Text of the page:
Sponsors: USDA Risk Management Agency, Outreach and Assistance Program.


Web link graphic: Northeast Organic Farmers Association of New York100 Percent Grass-Fed Seasonal Raw Milk Dairy

When: Saturday, August 24th – 2:00 pm to 5:00 pm
Where: Blue Hill Farm, 398 Blue Hill Road, Great Barrington, Massachusetts

The workshop will cover the basics of raw milk production, seasonal dairy management, and intensive rotational grazing, as well as fencing options and water systems for cows and calves. Participants will meet at Blue Hill Farm and view all aspects of milk production from the milking machines to the pastures. (Be aware that the farm has two locations; do not go to the location on North Plain Rd.) Instructor: Sean Stanton has been farming for 10 years and the dairy has been licensed a raw milk dairy for three years. This workshop is one in a series of workshops on raising animals. To view additional offerings, click here.

Pre-registration is required unless arranged by phone with the organizer, Ben Grosscup, cell: 413-658-5374. Sponsored by NOFA-Mass – cost $25 NOFA members, $31 non-members.

Advance Notice

Holistic Management InternationalDiverse, Innovative Small Farm Production Practices

When: Monday, September 23rd – 10:00 am to 4:00 pm
Where: Creekside Meadows Farm, DeRuyter (Madison County)

Our Creekside Meadows Farm Day is part of Holistic Management International's (HMI) new Open Gate On-Farm Learning Series. Open Gate is an action-based approach to learning. At the Creekside Meadows Farm Day you'll see how fellow New York and New England land managers are using multi-species grazing and integrated cropping practices to improve pasture health and soil fertility. We'll show you how to monitor for soil health and inventory forage for better grazing practices. If you don't have livestock, that's OK because we'll also cover how to develop a whole farm goal so you can make better decisions. For more information or to register, visit http://holisticmanagement.org/creekside/ Sponsored by Holistic Management International.

Funding Available

Web link image: Grazing Lands Conservation Initiative

The New York State Grazing Lands Conservation Initiative (NYS-GLCI) has funds available to sponsor educational events such as pasture walks and workshops. NYS-GLCI is funded through a special initiative of the USDA Natural Resources Conservation Service, with the goal of increasing and improving the management of private grazing lands through voluntary participation of landowners and managers, agency staff, and others.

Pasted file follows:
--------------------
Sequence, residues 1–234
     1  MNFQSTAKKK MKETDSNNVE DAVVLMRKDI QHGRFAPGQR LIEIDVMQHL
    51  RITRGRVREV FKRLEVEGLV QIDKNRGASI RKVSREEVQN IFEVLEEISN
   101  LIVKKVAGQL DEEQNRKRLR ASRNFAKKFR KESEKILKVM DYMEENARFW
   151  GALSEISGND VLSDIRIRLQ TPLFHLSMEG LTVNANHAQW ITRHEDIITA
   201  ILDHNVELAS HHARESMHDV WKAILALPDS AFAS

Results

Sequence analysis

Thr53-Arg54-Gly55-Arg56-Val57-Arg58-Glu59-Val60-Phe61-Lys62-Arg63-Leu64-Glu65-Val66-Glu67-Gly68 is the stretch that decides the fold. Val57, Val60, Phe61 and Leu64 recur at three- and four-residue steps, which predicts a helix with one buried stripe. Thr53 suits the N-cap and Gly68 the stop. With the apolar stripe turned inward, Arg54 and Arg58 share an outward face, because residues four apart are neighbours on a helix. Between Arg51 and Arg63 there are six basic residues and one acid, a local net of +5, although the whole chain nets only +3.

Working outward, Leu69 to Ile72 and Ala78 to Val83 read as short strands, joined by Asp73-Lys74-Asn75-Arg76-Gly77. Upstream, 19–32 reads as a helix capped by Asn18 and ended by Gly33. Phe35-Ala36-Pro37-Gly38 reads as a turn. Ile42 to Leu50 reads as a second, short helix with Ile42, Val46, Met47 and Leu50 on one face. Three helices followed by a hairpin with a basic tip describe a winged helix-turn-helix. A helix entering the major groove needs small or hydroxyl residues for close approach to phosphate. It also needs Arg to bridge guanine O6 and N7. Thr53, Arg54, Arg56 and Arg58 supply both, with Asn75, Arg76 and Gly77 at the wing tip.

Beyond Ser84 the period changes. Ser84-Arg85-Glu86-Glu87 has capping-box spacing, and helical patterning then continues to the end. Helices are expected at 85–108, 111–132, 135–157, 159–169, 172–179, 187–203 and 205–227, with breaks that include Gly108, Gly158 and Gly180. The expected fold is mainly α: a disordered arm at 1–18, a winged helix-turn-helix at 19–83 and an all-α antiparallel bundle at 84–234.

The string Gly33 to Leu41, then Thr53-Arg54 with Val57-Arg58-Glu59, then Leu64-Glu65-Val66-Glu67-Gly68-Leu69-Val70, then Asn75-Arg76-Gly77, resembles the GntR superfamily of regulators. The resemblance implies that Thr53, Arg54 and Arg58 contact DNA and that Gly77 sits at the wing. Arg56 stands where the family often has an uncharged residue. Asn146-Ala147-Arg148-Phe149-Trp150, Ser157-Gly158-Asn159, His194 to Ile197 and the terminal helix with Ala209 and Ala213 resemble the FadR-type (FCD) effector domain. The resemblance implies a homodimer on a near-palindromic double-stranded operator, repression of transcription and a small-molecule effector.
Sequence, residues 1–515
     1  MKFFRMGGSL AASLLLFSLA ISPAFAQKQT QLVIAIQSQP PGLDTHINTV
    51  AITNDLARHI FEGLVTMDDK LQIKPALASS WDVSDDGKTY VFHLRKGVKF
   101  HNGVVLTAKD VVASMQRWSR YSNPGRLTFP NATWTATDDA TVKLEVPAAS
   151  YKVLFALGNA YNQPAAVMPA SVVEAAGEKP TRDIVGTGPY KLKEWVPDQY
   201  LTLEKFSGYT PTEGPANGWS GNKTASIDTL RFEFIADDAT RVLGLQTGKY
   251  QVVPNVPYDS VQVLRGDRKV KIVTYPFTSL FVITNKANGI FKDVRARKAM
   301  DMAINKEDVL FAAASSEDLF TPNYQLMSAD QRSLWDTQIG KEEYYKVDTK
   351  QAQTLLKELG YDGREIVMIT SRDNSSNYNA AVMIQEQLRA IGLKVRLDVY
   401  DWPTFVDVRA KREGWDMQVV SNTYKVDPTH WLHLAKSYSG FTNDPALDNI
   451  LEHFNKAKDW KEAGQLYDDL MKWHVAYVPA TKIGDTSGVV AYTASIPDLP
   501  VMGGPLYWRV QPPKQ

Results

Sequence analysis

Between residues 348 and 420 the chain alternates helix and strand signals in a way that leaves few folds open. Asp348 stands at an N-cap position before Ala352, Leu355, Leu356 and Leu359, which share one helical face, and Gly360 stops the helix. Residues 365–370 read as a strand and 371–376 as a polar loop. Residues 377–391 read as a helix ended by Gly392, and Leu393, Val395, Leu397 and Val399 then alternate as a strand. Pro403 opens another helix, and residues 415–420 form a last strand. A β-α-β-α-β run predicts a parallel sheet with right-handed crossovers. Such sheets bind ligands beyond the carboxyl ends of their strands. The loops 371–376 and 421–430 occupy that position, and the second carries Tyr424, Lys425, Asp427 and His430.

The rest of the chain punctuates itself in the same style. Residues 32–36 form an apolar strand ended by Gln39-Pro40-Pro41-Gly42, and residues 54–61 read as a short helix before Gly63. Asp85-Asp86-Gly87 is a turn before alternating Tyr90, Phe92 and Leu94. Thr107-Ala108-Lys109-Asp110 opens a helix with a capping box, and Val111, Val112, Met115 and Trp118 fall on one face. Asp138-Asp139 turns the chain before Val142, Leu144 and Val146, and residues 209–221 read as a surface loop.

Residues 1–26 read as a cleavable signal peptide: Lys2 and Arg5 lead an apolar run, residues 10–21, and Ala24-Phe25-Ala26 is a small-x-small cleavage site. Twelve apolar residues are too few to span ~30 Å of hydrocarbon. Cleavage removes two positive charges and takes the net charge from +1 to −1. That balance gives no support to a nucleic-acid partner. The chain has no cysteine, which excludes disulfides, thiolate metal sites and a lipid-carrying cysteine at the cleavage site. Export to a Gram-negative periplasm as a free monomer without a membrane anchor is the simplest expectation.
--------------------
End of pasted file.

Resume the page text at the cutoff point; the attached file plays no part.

If you work for an entity in New York that organizes grazing events for farmers, and are looking for additional funding to support speakers, educational materials, or other costs, you are eligible to apply for funding. Send an email to Karen Hoffman or call 607-334-4632 extension 116 for more information. All requests must be made by September 15th for consideration.

Pasture Soil Health News

USDA Soil Health Assessment and Management Demonstrations: New at 2013 Empire Farm Days

Soil Health - Unlock the Secrets in the SoilSeneca Falls, New York – Each day at 11am and 3pm at the August 6-8, 2013 Empire Farm Days at Rodman Lott and Sons Farms in Seneca Falls, New York, the USDA Natural Resource Conservation Service will provide soil health assessment and management demonstrations in cooperation with Cornell University’s Soil Health Testing Lab and the New York Soil and Water Conservation Committee.

Empire Farm Days 2013

The daily presentations at the USDA NRCS Conservation Plant Garden area of the 300-acre showgrounds will explain the services of the Soil Health Testing Lab the principles of soil health management, and ways the qualities of soil can be changed through management to maximize its inherent potential to grow crops. Twenty farm groups support the USDA NRCS Soil Health Initiative goals for a more enduring, resilient and efficient agriculture based on the concept that soil and water conservation practices that improve soil health will have an impact on reducing soil erosion, while improving water quality and the capacity of soils to maintain productivity in the long term. The practices will also improve the resiliency of soils to extreme and more variable weather events.

Practices which impact soil health include reduced tillage, preferably long term no-till or zone till; residue management; diversity in rotations, including perennials where possible; cover cropping and keeping a living plant on the soil throughout the year; and the addition of organic matter.

The USDA Center at the 2013 Empire Farm Days will have information exhibits and staff representing six USDA agencies: Agricultural Research Service, Animal and Plant Health Inspection Service, Farm Services Agency, National Agricultural Statistics Service, Natural Resource Conservation Service, and Rural Development.

Admission to the largest outdoor agricultural trade show in the Northeast is free. Parking is $10. For more information, visit the Empire Field Days web site or call 877-697-7837.